By: Dr. Erica Wollerman
As a therapist, the topic of failure comes up often in my work both with adults and with children/teens and their families. Over time, the topic of failure and redefining failure has become something that I am very passionate about. Part of this comes from my own personal history, as well as from my work with those grappling with their fears of failure or experiences they believe are failures.
Personally, I like to say that I am a “recovering perfectionist” because, well I work hard to defeat some of my perfectionistic tendencies, one of which is to fear and avoid failure. As a child, I often felt like a failure simply because I viewed myself in many ways as not good enough. This feeling was deeply connected, as perfectionism often is, to a deeper, underlying feeling of shame. Interestingly, the experiences that I have had through my life that have allowed me to grow and really work on my perfectionism, shame, and fear of failure have been horribly painful and difficult at the time. At times, I believe that I have most certainly failed during these experiences and while I would not necessarily “choose” them again, I can reflect on the growth and understanding they have brought to my life and believe they were worth it.
I find that these are also the experiences that allow me to relate so much with my clients. So many of my lovely, amazing clients have experienced the same feelings and fears of failure and these experiences have allowed me to grow into the therapist that I am, who can hopefully support and help them through these feelings and fears because I have truly been there. Walking with my clients through this experience is still one of the most profound experiences I have in my work.
So, that is a bit of the long, and personal, story of why I am passionate about redefining failure. I believe that if more of us believed that failure was an essential part of life, that it is productive and helpful, and not the worst thing in the world – we would as a whole be happier, more productive, and more resilient to deal with our failures. The truth is, we are all flawed as humans and we are going to fail and screw up and totally miss the mark sometimes. Isn’t it time that we accepted that and moved on rather than continued to punish and blame ourselves for our failures?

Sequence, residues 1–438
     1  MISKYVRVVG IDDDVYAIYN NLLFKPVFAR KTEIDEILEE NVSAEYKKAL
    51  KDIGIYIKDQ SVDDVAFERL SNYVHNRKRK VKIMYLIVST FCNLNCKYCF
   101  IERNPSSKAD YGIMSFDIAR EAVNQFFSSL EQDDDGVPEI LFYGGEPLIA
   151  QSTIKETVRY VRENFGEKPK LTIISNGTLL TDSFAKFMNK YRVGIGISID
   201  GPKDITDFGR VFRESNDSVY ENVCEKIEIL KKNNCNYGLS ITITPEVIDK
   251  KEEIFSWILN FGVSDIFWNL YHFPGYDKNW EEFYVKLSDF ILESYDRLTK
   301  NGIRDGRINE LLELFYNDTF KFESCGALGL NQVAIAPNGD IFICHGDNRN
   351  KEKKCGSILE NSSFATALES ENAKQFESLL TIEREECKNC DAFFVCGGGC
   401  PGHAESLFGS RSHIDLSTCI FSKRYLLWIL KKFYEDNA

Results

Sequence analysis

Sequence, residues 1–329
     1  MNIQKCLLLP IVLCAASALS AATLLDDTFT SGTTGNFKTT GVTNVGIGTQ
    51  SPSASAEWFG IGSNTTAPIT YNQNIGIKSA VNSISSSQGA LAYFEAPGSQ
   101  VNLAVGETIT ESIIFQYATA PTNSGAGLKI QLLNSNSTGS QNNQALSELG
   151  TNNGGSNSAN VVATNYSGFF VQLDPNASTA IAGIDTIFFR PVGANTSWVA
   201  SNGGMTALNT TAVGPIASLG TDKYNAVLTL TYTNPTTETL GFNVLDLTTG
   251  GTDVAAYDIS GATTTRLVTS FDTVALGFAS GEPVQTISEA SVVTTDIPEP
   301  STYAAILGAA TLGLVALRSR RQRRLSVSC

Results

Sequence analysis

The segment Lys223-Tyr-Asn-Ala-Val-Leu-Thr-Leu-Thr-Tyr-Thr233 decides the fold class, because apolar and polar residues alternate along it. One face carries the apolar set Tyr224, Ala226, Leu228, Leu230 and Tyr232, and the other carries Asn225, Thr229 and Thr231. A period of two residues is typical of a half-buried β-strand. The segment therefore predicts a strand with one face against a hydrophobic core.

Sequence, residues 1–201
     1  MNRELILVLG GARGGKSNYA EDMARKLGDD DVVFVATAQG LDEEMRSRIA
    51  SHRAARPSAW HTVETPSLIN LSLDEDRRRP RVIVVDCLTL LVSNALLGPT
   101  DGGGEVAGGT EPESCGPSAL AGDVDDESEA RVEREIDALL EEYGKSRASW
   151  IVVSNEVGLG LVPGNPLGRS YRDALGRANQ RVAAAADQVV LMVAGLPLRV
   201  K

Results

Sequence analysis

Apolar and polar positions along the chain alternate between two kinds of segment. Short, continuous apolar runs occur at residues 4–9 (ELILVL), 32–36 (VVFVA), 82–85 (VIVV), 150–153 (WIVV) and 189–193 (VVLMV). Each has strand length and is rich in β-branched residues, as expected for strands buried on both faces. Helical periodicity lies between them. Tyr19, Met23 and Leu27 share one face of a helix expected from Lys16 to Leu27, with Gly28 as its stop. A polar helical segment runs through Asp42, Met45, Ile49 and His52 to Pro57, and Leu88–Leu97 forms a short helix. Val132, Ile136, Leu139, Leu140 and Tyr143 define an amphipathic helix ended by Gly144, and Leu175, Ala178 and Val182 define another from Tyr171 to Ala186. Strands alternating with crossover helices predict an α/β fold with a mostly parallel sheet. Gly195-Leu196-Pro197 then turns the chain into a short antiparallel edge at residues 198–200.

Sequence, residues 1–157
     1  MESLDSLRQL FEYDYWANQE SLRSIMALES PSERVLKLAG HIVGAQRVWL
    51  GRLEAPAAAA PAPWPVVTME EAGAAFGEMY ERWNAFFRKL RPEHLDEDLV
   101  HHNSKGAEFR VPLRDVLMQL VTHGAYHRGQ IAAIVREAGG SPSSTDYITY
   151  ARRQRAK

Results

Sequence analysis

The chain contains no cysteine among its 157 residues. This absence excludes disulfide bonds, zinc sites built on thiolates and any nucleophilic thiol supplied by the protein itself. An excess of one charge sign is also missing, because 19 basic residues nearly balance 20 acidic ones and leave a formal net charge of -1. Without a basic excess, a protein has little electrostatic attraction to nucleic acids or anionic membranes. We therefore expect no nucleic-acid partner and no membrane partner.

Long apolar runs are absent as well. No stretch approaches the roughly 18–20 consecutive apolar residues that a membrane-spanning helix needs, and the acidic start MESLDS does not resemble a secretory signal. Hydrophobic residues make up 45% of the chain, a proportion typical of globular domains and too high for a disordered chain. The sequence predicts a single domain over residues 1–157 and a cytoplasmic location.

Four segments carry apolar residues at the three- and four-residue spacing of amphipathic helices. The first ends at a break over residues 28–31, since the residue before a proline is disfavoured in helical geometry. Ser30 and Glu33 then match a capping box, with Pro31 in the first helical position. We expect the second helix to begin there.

I love this quote by Michael Jordan where he talks about his failures and how they ultimately led to his successes. So often, it is the failure that leads us to success and there are so many famous stories that show this.
So, how can we as flawed humans view failure differently? I believe that we can think about and talk about failure differently for a start in the right direction. For example, we can look for the lesson and the opportunity to grow in every failure. I imagine that when Michael Jordan missed game winning shots, he spent very little time belaboring the pain of the miss and more time evaluating what could have been different and what he needed to learn to do better next time. If we start looking at every failure as an opportunity to learn something crucial for our success, it will likely feel differently and a lot less scary.
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